Responding to the requests of Egyptian investors, the Supreme Council for Investment approved 22 decisions to encourage foreign direct investments (FDIs) and private investments in Egypt, including licensing facilities and a host of legislative reforms.
The decisions aim to streamline the business establishment process by lowering costs, simplifying approvals and shortening timeframes. They also aim to expand the Golden Licence programme.
The council introduced incentives for investors in various sectors, as well as draft resolutions on legislative amendments which the government should draft and present to parliament for discussion and approval.
Reassuring the market
"There has been a state of concern and uncertainty among investors. The latest decisions send a message of reassurance to the market, as they reflect the state's seriousness about addressing all the obstacles facing the market," Alaa El-Sakty, vice chairperson of the Egyptian Federation of Investors Associations (EFIA), told Ahram Online.
"The decisions are the result of discussions and cooperation with the EFIA in which the government listened to the requests of investors," El-Sakty added.
"Incentives related to facilitating the procedures of opening, closing, and changing the activities of companies are far more important to investors, who need legislative flexibility more than just tax incentives.
"Among the key requests of the EFIA that were answered by the government is cooperating with the International Finance Corporation (IFC) to contract a global consulting firm to develop a clear shared vision and strategy for investment in Egypt," he stated.
El-Sakty highlighted that "having a clear strategy that determines the sectors that need and offer more investments is indicative of the state's keenness in creating a more suitable environment for investors."
Demanding more legislative reforms, bylaws
"The new decisions will affect the investment climate in Egypt positively, and now the government should issue bylaws required to take them into effect, in order to set a clear action plan," Sherif El-Gabaly, chairman of the Egyptian Chamber of Chemical Industries at the Federation Of Egyptian Industries (FEI), told Ahram Online.
Hany Abul-Fotouh, a banking expert, said that "the Egyptian economy needs legislative reforms to encourage investments and attract more foreign investors."
Abul-Fotouh stressed that Egypt should create a better climate for investment and production and remove obstacles for local investors even before it does for foreigners.
"Foreign investors would be reluctant to come to Egypt unless Egyptian investors are fully secured," the expert noted, adding that some local investors are already exiting the market to invest in neighbouring countries.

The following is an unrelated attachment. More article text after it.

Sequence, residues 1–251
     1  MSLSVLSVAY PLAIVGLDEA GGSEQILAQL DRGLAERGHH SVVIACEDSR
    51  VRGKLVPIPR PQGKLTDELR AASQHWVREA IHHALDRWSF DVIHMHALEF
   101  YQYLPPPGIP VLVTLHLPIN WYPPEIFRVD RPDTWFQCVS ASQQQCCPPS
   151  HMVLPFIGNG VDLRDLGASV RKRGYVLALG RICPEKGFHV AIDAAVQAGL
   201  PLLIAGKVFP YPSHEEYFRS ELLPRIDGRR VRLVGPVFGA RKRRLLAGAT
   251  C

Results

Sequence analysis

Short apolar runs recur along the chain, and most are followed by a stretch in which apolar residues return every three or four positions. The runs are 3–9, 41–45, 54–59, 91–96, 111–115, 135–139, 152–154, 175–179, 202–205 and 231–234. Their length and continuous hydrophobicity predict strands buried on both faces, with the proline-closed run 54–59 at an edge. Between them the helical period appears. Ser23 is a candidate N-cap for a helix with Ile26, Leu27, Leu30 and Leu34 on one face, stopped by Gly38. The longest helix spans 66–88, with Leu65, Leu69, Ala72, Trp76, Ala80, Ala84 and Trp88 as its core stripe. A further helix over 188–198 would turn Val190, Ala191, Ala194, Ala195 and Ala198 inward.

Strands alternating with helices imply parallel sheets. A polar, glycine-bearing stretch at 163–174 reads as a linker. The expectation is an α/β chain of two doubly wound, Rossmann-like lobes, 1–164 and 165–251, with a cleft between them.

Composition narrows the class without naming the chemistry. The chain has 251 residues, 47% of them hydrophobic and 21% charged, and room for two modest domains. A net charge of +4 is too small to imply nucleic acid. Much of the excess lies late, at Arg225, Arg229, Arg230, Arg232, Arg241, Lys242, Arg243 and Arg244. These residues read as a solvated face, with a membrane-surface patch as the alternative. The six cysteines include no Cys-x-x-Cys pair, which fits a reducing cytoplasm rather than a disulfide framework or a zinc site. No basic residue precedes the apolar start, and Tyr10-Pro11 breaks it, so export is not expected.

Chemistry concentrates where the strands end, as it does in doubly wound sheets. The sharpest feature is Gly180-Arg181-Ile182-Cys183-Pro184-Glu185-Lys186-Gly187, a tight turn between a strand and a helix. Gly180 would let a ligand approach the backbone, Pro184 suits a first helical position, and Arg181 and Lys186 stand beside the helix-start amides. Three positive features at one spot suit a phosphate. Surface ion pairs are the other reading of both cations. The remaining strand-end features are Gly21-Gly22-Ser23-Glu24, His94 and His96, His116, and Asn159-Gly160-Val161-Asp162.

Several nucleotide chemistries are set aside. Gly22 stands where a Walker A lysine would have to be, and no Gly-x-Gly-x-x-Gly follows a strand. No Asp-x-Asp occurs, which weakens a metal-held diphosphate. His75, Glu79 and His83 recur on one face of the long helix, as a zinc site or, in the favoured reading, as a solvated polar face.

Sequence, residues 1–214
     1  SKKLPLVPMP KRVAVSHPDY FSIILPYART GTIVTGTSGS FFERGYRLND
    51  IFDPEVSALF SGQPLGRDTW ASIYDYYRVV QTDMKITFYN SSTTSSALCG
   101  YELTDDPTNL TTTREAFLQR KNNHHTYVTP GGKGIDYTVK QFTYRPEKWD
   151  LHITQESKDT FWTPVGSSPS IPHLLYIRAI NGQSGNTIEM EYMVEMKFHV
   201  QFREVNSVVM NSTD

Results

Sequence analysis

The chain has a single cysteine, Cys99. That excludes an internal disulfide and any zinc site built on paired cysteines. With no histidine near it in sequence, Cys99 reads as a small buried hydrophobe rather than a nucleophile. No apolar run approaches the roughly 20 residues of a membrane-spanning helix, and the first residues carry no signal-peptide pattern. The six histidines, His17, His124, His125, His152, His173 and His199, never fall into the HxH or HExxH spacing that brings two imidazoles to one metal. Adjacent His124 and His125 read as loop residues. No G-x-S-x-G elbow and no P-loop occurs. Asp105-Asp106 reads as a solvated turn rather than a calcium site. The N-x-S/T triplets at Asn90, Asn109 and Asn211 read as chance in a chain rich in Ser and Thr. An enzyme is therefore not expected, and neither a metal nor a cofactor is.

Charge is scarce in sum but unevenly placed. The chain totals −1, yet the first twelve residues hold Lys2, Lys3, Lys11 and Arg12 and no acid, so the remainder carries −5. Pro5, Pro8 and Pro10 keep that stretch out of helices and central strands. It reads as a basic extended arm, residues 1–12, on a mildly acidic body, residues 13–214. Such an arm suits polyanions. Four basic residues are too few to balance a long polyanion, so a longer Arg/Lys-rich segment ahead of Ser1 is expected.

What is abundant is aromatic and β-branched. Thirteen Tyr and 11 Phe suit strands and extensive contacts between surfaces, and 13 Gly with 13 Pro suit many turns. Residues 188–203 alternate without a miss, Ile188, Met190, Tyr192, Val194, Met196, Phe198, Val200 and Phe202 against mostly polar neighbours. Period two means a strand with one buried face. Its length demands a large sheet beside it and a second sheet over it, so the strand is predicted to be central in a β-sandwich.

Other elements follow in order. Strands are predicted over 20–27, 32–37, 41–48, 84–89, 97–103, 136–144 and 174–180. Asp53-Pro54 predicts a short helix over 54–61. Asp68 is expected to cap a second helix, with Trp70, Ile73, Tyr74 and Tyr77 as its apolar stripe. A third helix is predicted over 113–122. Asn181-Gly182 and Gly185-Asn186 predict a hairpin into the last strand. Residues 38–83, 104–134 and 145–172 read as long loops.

New laws needed to support startup growth
"The EFIA’s latest decisions send a positive message to investors, especially endorsing a 10-day approval process for all necessary requirements when establishing a company," Ahmed Hazem, CEO of Falak Startups, told Ahram Online.
Hazem said Egyptian and foreign investors have had some concerns that were compromising their confidence in investing in Egypt, including the complexity of the litigation process with regard to the settlement of trade disputes.
He noted that another issue dissuading many investors is the obstacles restricting the transfer of foreign currency abroad.
Some investors establish their head offices outside Egypt and operate in the country through a subsidiary to avoid the painstaking legal processes that hit them hardest when they decide to close businesses, Hazem said.
He suggested that startups need more legislative reforms to facilitate funding and operations, pointing to drafting laws allowing and regulating SAFE notes as a good example.
These, he explained, enable startups to raise capital from foreign investors in exchange for a specific number of shares at an agreed-upon price at some point in the future, usually when the startup has a subsequent funding round.
Room for the private sector
Egypt is currently under the first review for a $3 billion loan programme by the International Monetary Fund (IMF) and privatization is among the key issues in the fund's negotiations with the Egyptian government.
Egypt is preparing two state-owned companies to be offered as investments before the end of the current fiscal year, in addition to seven companies planned to be offered by Q1 of next year in the oil, petrochemical, and transport sectors, according to Mohamed Metwally, CEO of NI Capital, the Egyptian government's financial adviser.
On Sunday, the Egyptian government offered a 10 percent stake in Telecom Egypt in two tranches totalling 170.7 million shares. This was part of the government's privatization programme.
Prime Minister Mostafa Madbouly announced in February government plans to offer shares in 32 state-owned companies operating in 18 sectors to strategic investors within a year. However, Telecom Egypt was not on the list.
Egypt's Paint and Chemicals Industries (PACHIN) was the first company on the list to be sold after the UAE's National Paints acquired 81 percent of the company's shares for EGP 770.4 million (about $25 million) in early May.
Two other companies on the list, the National Company for Producing and Bottling Water (Safi) and Wataniya Petroleum Company, have seen little progress despite being mentioned in several statements. The government announced in mid-May that it was starting to accept bids for the companies.